One crusading Philadelphia politician is using iPhones to fight corruption and fraud. City Controller Alan Butkovitz announced the launch of Philly Watchdog, an anti-corruption iPhone application, on April 19. The app allows users to notify the city government of municipal activities that they believe are wasting taxpayer money; it is the city of Philadelphia's first foray into smartphone applications. Philly Watchdog is the first application created to monitor municipal fraud in the United States, and it allows city residents to send photo and video evidence of wrongdoing to the Controller's office.
Butkovitz says that the application will hopefully increase government transparency:
It allows citizens to play a crucial role in protecting their tax dollars by reporting fraud, waste and abuse directly to the City Controller's office. […] One of the key features of the Philly Watchdog app is the ability for users to record and upload video of fraudulent activities in the act and to send them directly to our team.
Other cities are experimenting with the use of smartphones as a tool for civic engagement and local government. The SeeClickFix system is used as a collaborative 311 system by thousands of municipalities, while the gov 2.0 movement has a wide array of allies in their efforts to make government accountable to the public through new media.
Apart from the ability to send still photos, audio files, and videos of perceived municipal corruption, the app also records the GPS location of perceived wrongdoing and geotags evidence sent into the Controller's office. Users are given the option of reporting incidents anonymously, and also have access to a one-touch button to call the Controller's office directly. The application was created at a cost of $5,400, and the city received assistance from Apple in creating the product.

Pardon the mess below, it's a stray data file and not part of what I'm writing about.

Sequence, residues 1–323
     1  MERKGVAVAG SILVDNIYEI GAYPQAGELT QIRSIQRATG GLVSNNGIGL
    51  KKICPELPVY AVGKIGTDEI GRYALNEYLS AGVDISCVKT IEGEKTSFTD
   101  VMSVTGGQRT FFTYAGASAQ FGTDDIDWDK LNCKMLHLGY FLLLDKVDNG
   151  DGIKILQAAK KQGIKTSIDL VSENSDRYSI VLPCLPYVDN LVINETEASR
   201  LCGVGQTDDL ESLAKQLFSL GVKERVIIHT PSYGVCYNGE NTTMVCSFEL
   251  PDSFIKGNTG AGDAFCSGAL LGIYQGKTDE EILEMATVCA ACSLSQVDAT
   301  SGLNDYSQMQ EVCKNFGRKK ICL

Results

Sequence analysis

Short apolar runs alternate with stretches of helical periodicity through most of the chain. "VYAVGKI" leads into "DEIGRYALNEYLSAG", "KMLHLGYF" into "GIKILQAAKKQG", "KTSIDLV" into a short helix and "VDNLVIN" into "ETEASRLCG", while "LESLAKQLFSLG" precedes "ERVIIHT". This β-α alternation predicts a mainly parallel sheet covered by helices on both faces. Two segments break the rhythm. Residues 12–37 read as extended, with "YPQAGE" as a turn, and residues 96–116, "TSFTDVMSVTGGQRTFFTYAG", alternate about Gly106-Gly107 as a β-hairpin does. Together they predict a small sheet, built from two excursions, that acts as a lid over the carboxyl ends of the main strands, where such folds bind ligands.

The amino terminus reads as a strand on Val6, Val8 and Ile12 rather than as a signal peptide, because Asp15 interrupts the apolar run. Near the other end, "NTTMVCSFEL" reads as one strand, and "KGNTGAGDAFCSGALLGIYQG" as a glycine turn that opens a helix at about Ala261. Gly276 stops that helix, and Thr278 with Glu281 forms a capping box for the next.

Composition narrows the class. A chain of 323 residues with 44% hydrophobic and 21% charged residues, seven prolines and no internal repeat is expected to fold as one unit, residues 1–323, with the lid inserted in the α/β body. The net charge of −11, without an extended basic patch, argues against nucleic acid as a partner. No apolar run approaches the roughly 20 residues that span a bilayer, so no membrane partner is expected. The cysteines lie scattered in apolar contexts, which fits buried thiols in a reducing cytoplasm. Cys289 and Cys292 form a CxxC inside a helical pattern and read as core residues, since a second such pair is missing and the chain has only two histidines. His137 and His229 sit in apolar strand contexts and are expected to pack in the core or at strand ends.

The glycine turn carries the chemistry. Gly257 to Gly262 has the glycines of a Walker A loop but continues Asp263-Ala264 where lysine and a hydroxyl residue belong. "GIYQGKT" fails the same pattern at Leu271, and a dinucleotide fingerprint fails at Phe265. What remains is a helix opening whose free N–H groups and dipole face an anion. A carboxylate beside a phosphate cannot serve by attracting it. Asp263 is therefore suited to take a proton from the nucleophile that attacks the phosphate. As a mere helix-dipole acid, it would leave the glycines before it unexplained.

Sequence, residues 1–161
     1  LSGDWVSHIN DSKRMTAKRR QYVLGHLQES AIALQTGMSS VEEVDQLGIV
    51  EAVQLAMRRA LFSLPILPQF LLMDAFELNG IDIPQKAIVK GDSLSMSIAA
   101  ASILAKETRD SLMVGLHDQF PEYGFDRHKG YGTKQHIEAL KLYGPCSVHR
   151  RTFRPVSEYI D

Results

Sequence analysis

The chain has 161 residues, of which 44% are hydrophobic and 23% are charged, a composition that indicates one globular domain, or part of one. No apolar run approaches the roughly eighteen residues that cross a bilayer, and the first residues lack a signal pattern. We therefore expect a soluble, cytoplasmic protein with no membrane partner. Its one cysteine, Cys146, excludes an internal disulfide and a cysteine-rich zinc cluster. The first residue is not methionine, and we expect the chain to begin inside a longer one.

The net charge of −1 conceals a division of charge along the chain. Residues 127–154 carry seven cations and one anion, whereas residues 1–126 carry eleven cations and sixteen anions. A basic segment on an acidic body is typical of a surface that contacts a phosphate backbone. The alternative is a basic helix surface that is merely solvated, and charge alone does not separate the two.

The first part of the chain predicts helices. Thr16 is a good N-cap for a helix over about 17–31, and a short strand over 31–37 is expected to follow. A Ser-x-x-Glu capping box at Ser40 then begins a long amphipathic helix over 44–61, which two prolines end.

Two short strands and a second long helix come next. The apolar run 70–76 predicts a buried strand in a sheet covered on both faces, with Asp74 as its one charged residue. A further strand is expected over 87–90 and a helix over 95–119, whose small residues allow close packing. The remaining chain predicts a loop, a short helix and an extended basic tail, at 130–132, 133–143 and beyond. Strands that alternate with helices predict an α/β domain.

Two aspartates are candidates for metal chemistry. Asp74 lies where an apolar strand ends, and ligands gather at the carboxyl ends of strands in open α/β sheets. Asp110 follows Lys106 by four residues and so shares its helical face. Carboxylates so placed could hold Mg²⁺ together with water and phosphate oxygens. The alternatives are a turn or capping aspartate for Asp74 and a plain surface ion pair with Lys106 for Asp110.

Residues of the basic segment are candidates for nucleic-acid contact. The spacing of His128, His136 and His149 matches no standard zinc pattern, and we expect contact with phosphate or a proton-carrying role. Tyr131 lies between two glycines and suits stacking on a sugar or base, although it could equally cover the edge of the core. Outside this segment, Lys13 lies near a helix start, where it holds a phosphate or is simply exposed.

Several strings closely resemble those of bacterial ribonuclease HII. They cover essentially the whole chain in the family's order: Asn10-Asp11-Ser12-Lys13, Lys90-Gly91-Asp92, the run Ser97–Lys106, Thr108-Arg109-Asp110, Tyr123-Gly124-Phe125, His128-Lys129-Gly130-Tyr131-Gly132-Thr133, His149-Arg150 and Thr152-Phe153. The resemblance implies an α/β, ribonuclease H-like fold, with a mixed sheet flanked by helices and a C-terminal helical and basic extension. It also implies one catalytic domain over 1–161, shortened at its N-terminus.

While the app may have potential for spotting city employees taking two-hour lunch breaks at the corner bar or city-owned vehicles being used for personal errands, there are fears that Philly Watchdog could be used for revenge by disgruntled citizens. Meanwhile, unions representing municipal employees fear that the application is "overkill." Cathy Scott of District Council 47 of the American Federation of State, County and Municipal Employees told Government Technology's Brian Heaton that the app is unnecessary:
I see this as an unnecessary duplication of existing efforts that is very easily abused […] Part of the problem is misrepresentation of the facts or abuse of trying to investigate properly. The average citizen does not know whether a [city employee] is on the clock. It’s just overkill and a waste of money.
At this time, Philly Watchdog is only available for the iPhone, iPad, and iPod Touch. Philadelphia's city government has not announced plans to release Android- or BlackBerry-compatible versions.
[Image via Flickr user Alotor]